Thursday, May 11, 2017

Garden Tigers, Gold Spangles and Burnished Brass

From the Curator of Museum Services at the University of Dundee :

Our next free talk in the D’Arcy Thompson Zoology Museum will be on Tuesday 16th May at 6pm, when Georgia Carr and David Lampard will be speaking on Garden Tigers, Gold Spangles and Burnished Brass: Digitising the Kenneth Tod Moth Collection. 

Did you know there are over 2 500 species of moths in the UK compared to 59 species of butterfly? Or that not all moths fly at night? Some moths have ears, some don’t have mouths!

Little is known about moths in Angus and Dundee yet there is a wealth of information hiding in our museum stores. The Kenneth Tod Collection at the University of Dundee holds rare, localised Alpine species which are of particular concern in times of changing climate. Learn how digitising museum collections across the county gives the global scientific community access to historical, geographic and taxonomic specimen data that can help answer our greatest ecological and conservation questions. Find out how Tod discovered new and unusual locations for the Small Dark Yellow Underwing and the Northern Dart, and how Tod’s fear of other collectors means these locations are a secret to this day.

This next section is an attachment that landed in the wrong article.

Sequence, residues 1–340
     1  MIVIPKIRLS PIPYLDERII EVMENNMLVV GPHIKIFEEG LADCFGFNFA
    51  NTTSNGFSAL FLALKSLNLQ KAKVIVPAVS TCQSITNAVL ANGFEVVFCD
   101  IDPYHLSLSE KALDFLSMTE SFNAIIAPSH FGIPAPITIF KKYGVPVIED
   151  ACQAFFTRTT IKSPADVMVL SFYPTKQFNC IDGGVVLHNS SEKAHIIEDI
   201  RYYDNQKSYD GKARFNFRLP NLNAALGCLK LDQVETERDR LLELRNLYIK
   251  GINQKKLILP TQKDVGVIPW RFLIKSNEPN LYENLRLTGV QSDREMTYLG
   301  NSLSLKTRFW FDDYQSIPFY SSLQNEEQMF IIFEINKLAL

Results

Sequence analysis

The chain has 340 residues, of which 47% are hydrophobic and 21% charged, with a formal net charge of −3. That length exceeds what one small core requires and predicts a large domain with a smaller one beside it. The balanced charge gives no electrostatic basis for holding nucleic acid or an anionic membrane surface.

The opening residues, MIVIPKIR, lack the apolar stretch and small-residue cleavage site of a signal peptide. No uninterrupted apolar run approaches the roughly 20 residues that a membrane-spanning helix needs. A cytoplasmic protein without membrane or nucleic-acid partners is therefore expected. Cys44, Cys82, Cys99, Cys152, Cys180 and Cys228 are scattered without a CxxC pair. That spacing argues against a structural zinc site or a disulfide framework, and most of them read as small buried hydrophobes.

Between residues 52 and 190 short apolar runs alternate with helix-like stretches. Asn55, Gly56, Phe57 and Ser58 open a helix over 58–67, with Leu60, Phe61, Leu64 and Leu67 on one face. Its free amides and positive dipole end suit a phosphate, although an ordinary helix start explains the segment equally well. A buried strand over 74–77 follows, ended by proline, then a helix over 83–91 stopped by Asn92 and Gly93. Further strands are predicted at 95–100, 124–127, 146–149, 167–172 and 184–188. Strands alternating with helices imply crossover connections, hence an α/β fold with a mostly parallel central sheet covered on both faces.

The Angus Moth Project is an 18-month digitisation project funded by Museums Galleries Scotland. Over the course of the project three historical moth collections at the McManus, Montrose Museum and the University of Dundee have been digitised, photographed, conserved and rehoused. All data pertaining to specimens collected in Watsonian Vice County 90, the historic county of Forfarshire, has been sent to Butterfly Conservation for use in the 2018 National Moth Atlas. Data and specimens are now easily accessible to the scientific community and the wider public.

David Lampard is the Natural History Curator of Invertebrates and Geology at The McManus: Dundee's Art Gallery & Museum. He is the Butterfly Conservation moth recorder for the County of Angus.

Georgia Carr has a background in ecological and conservation management and is the Angus Moth Project officer based at the McManus.

Admission is free but it would be very helpful if you could book a place here.

Refreshments will be served after the talk. Please enter by the main front door of the Carnelley Building. Latecomers may not be admitted.